He said he supports McClintock but is reluctant to talk publicly about electoral politics because he thinks liberals will “throw a brick” at him if he expresses his opinions. “Now we have to accept transgender. Come on.”

Placer and El Dorado counties are recipients of the flight from cities — an exodus fueled by affordable housing, the desire for good schools and the expansion of high-tech jobs into suburban and exurban environments. Indeed, the suburbs surrounding Sacramento were among the top 25 growth areas in the country between 2015 and 2017.


Retiree: “Men have screwed it up a bit,
let’s put some smart ladies in there.”


The evolution of such suburbs is complex. In general suburbs are becoming more diverse and increasingly polarized economically, and more people are living in them today than in cities.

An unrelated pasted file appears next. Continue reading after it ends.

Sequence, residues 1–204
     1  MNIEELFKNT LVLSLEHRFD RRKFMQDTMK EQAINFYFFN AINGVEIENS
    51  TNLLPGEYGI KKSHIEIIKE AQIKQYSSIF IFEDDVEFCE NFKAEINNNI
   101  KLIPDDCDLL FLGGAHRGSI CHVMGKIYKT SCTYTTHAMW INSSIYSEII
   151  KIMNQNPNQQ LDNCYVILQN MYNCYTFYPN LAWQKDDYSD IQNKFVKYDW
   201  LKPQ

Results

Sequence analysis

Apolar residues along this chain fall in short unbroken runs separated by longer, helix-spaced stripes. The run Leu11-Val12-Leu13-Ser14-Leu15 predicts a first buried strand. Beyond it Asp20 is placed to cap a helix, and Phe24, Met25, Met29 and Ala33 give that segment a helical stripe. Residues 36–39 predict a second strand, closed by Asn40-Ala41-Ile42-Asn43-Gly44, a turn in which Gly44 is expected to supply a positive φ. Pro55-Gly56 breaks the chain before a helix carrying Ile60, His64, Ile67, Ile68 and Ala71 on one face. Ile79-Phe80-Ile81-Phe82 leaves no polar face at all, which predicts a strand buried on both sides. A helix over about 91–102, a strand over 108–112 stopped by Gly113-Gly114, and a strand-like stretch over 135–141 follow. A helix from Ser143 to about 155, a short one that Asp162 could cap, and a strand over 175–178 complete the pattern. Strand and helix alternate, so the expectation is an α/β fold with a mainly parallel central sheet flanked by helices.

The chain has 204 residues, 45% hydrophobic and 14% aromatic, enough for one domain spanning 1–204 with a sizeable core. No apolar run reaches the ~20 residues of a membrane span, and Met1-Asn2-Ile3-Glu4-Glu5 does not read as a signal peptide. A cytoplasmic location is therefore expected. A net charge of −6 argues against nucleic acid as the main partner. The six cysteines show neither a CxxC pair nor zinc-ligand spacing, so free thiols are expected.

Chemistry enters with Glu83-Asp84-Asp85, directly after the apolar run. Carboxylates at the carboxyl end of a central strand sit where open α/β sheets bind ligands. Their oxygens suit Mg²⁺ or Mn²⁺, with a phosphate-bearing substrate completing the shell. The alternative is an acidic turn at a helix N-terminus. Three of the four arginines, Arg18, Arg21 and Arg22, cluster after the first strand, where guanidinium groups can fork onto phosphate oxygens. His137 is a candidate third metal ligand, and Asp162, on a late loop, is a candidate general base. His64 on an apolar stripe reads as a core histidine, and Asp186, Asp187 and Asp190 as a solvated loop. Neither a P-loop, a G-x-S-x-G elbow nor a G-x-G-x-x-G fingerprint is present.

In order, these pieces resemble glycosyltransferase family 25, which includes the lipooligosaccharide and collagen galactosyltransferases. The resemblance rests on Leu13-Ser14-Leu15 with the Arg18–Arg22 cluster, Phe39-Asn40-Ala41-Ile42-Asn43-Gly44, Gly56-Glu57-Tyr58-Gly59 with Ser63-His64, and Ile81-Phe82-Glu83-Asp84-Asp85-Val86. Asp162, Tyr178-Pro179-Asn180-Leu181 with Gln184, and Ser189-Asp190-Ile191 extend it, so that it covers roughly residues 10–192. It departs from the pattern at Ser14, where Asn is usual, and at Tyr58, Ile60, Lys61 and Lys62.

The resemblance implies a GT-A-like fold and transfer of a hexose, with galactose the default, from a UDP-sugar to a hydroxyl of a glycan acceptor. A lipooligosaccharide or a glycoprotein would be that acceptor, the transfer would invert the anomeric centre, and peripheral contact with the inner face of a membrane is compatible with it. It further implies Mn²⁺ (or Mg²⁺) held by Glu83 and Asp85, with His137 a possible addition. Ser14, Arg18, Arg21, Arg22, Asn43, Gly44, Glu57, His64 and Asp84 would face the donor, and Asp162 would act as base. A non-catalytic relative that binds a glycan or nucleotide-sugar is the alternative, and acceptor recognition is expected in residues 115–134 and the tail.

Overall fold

Following the June primary, Democratic frontrunners Morse or Bateson will have to work to attract significant numbers of Republican moderates and those with no party preference if Democrats are to pull off another Conor Lamb-type upset and topple McClintock. And since registered Republicans outnumber Democrats by over 60,000 voters, many Republicans will also have to stay home in November for such a reversal to occur.

Two local residents — former Republicans who intend to vote for a Democrat — explained why they think it’s possible for a Democrat to win here.

Jack Chittick stands on his front lawn in Sun City, a retirement community in Roseville built by Del Webb. Instead of carpool lanes, Sun City has lanes for golf carts. Chittick, an 84-year-old retiree who was a top executive at the Pirelli Tire Company, points to the hardcore Republicans who walk past his house to the golf course across the street. “I like the cleanliness of this place,” he says, “the golf course, the big homes, the shopping areas and the good hospitals.”